This has been a good year for Bonnie Raitt.
Last month, she was presented with the Icon Award at the Billboard Women in Music event.
This month, during the Grammy Awards, she received the Lifetime Achievement Award.
This month also saw her Grammy Award-winning 1989 album, Nick of Time album, inducted into the Library of Congress National Recording Registry, one of only 25 recordings to be so honoured.
And now, to top it off, Raitt has just released her first album in six years to critical acclaim.
And that acclaim is more than justified.
Just Like That… finds Raitt very much at the top of her game, still ringing the heart and soul out of every song she wraps her pipes around, whether it’s a groove-driven blues tune, a prime chunk of funk, a gritty rocker, a soulful ballad or something else she has chosen to serve up. Virtually everything seems to find a home in her wheelhouse.
The new record, the title of which comes from a line in one of her original songs that goes “Just like that your life can change”, features four Raitt originals and several songs that she has had a desire to record for some years.
Included in the latter cluster are Something’s Got a Hold of My Heart by NRBQ’s Al Anderson, Toots and the Maytals’ Love So Strong and Made Up Mind by Winnipeg’s The Bros. Landreth.
In a cruel twist of fate, Raitt had planned to record Love So Strong as a duet with her dear friend, Toots Hibbert, but the reggae giant died in 2020. She included the track here as a tribute to him.
Of the original songs, Living for the Ones, was co-written with her longtime guitarist George Marinelli. It has been described as a rocking dedication to the friends and family she has lost in recent years.
My favourite track, Made Up Mind, is a bluesy funk tune about the devil on Recovery’s shoulder. It has been described as equal parts Mose Allison, Eddie Harris and 1970s funk and the description fits.
Two of the original songs came out of real-life scenarios.
Down the Hall, a truly gorgeous piece, was inspired by a New York Times story about a prison hospice program, while the album’s title track was sparked by a news segment about two families deeply impacted on both sides of an organ donation. The power of writing about the life-changing personal experiences of others resonates deeply with Raitt.
“I’ve always loved the early guitar songs of Dylan, Jackson Browne, Paul Brady and especially John Prine,” she says. “With songs like Angel from Montgomery and Donald and Lydia, John was able to just climb inside and sing these people’s deepest lives. With his passing last year, finishing these songs has meant even more.”
Just Like That… was recorded last summer in Sausalito, Calif., with a top-drawer lineup of musicians that included two veteran members of Raitt’s band – bassist James “Hutch” Hutchinson and drummer Ricky Fataar – as well as two new musicians – Canadian Glenn Patscha on keyboards and backing vocals and Nashville guitarist Kenny Greenberg. George Marinelli, Raitt’s frequent guitarist/songwriting partner, also joined in, playing and singing on Livin for the Ones.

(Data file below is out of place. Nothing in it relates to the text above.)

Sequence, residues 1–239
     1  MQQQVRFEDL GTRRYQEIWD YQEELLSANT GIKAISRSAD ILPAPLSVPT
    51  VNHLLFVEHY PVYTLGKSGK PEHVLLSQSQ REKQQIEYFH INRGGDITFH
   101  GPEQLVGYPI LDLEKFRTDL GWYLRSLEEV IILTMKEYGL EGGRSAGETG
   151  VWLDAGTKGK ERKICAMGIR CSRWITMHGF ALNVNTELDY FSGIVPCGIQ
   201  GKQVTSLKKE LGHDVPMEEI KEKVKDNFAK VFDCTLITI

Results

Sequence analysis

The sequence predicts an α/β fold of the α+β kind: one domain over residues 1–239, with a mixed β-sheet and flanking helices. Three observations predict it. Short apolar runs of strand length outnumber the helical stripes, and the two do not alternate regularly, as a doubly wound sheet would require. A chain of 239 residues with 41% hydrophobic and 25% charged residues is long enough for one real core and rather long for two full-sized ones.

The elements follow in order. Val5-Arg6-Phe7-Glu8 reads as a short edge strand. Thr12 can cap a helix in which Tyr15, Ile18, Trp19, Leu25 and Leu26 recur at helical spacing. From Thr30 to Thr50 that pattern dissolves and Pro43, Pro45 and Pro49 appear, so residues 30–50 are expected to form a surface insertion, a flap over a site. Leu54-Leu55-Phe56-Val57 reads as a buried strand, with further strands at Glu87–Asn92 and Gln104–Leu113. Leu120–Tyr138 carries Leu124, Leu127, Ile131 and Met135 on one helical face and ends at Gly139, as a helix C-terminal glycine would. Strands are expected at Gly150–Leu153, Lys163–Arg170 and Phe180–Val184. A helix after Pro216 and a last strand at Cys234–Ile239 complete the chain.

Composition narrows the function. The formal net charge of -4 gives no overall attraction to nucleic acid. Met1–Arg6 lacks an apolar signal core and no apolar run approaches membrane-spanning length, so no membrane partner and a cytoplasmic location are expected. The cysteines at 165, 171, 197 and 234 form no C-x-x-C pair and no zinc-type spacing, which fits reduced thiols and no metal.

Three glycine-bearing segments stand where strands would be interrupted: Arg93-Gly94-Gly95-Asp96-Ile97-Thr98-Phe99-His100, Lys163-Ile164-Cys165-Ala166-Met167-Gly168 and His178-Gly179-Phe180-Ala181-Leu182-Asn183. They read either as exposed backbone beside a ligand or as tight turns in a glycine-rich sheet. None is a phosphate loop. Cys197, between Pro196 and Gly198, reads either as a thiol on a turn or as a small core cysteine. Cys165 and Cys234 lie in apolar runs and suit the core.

- Bonnie Raitt and her band have just hit the road for an eight-month U.S. tour.
- On the first leg of the tour, her special guests were NRBQ.
- Other guests lined up to join her include Lucinda Williams and longtime friend, Mavis Staples. The full tour schedule can be found at www.bonnieraitt.com.
- Known almost as well for her lifelong commitment to social activism as she is for her music, Raitt has long been involved with the environmental movement, performing concerts around oil, nuclear power, mining, water and forest protection since the mid-’70s.
- She was a founding member of MUSE (Musicians United for Safe Energy) which produced the historic concerts, album and movie NO NUKES and continues to work on safe energy issues in addition to environmental protection, social justice and human rights, as well as a creator’s rights and music education.
Raitt once again served as producer, reuniting for the third time with her favourite recording and mixing engineer, Ryan Freeland. Both earned Grammy Awards for Raitt’s 2012 album, Slipstream
Fifty years into her career, Raitt shows she’s still the same creative and adventurous soul who likes to mix things up.
“On this record, I wanted to stretch,” Raitt says. “I always want to find songs that excite me, and what’s different this time is that I’ve tried some styles and topics I haven’t touched on before.”
Just Like That… should be a contender for album of the year.
Doug Gallant is a freelance writer and well-known connoisseur of a wide variety of music. His On Track column will appear in The Guardian every second Thursday. To comment on what he has to say or to offer suggestions for future reviews, email him at firstname.lastname@example.org.